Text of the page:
By means of the arrangement in accordance with FIG. 1, the temperature values of different measurements or recordings are compared by computer with each other such that for each image point, the difference or quotient values are determined and displayed on monitor 16. The values of a thermogram which have been previously taken at a different average body temperature can be called forth from storage 17 and compared in computer 13 with the values of the newly recorded thermogram.
This method can be carried out simultaneously with the determination and display of the temperature gradient values, the last-mentioned data being shown simultaneously by means of the other monitor 15. In this way it is possible to compare records which were previously photographed and therefore both local and temporal changes in temperature can be noted. For this purpose storage 17, which is developed as a long-term storage, records data on corresponding data supports.
|Cited Patent||Filing date||Publication date||Applicant||Title|
|US3699813 *||May 25, 1970||Oct 24, 1972||Anthony H Lamb||Medical thermographic diagnostic means|
|US3970074 *||Aug 22, 1974||Jul 20, 1976||Spitalul Clinic Filantropia Bucuresti||Method of and apparatus for making medical thermographs|
|US4186748 *||Feb 6, 1978||Feb 5, 1980||Schlager Kenneth J||Thermographic apparatus for physical examination of patients|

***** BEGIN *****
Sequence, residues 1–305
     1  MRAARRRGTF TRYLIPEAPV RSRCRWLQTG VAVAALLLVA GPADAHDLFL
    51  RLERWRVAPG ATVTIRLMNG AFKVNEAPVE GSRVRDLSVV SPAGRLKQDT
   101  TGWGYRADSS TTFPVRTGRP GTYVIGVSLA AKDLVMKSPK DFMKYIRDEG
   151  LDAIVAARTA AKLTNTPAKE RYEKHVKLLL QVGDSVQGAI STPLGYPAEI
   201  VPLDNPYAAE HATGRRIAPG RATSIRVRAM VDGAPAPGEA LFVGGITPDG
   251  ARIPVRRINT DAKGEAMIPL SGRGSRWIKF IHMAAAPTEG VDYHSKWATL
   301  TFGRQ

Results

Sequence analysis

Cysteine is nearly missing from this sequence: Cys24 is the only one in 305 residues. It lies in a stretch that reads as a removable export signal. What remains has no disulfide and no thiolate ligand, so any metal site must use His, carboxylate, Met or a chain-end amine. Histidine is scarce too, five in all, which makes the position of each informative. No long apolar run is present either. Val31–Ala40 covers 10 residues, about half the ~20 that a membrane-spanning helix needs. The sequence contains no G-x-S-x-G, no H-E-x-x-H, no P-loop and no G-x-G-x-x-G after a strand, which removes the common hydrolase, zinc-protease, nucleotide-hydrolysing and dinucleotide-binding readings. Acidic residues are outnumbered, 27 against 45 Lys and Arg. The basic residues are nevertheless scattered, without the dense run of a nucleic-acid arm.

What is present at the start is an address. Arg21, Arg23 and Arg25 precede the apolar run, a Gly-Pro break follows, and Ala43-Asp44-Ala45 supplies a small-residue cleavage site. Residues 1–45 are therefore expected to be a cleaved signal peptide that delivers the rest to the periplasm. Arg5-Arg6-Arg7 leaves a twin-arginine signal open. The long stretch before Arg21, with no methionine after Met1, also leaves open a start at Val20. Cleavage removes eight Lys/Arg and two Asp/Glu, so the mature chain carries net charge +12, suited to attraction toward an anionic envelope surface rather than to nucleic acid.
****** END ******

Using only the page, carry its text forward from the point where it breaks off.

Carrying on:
|US4218707 *||Apr 10, 1978||Aug 19, 1980||Her Majesty The Queen In Right Of Canada, As Represented By The Minister Of National Defence||Thermographic areameter|
|US4275741 *||Aug 13, 1979||Jun 30, 1981||Jochen Edrich||Procedure for noncontacting measurement of subcutaneous temperature distributions|
|1||"Microprocessors Enhance Thermograms to Aid Diagnosis of Breast Tumors", Electronics; vol. 49, No. 14, 7-1976, p. 8E.|
|2||*||Microprocessors Enhance Thermograms to Aid Diagnosis of Breast Tumors , Electronics ; vol. 49, No. 14, 7 1976, p. 8E.|
|Citing Patent||Filing date||Publication date||Applicant||Title|
|US4638436 *||Sep 24, 1984||Jan 20, 1987||Labthermics Technologies, Inc.||Temperature control and analysis system for hyperthermia treatment|
|US4753248 *||Jun 24, 1987||Jun 28, 1988||Duke University||Probe translation system for use in hyperthermia treatment|
|US4819657 *||Jun 16, 1987||Apr 11, 1989||Kvm Engineering, Inc.||Automatic allergy detection system|
|US4849885 *||Feb 16, 1984||Jul 18, 1989||Stillwagon W Glenn||Thermograph with computer display|
|US5445157 *||Feb 17, 1993||Aug 29, 1995||Asahi Kogaku Kogyo Kabushiki Kaisha||Thermographic endoscope|
|US5995865 *||Jul 22, 1998||Nov 30, 1999||Dalesby Limited||Thermographic device for examining the blood circulation|
|US6077228 *||Nov 4, 1998||Jun 20, 2000||Schonberger; Milton||Breast temperature scanner|
|US6440084||Sep 14, 2000||Aug 27, 2002||Patrick Gentempo||Thermal scanning system and method|
|US6447460||Apr 5, 1999||Sep 10, 2002||Kci Licensing, Inc.||Method for automated exclusion of deep venous thrombosis|
|US6464646 *||Mar 23, 1999||Oct 15, 2002||Veino-Med Ltd.||Instrument and method for locating and marking a hot spot in a person's body tissue|
|US6757412 *||Oct 19, 1999||Jun 29, 2004||Computerzied Thermal Imaging, Inc.||System and method for helping to determine the condition of tissue|
|US6840671 *||Apr 9, 2002||Jan 11, 2005||William R. Barron, Jr.||System and method for non-contact temperature sensing|
|US7115098||Jun 14, 2002||Oct 3, 2006||Patrick Gentempo||Adjustable thermal scanning system and method|
|US7226426 *||Jul 25, 2002||Jun 5, 2007||Thomson Paul E||Apparatus and method for the detection and quantification of joint and tissue inflammation|
|US7277744 *||May 27, 2003||Oct 2, 2007||Schaefer Allan L||Early detection of inflammation and infection using infrared thermography|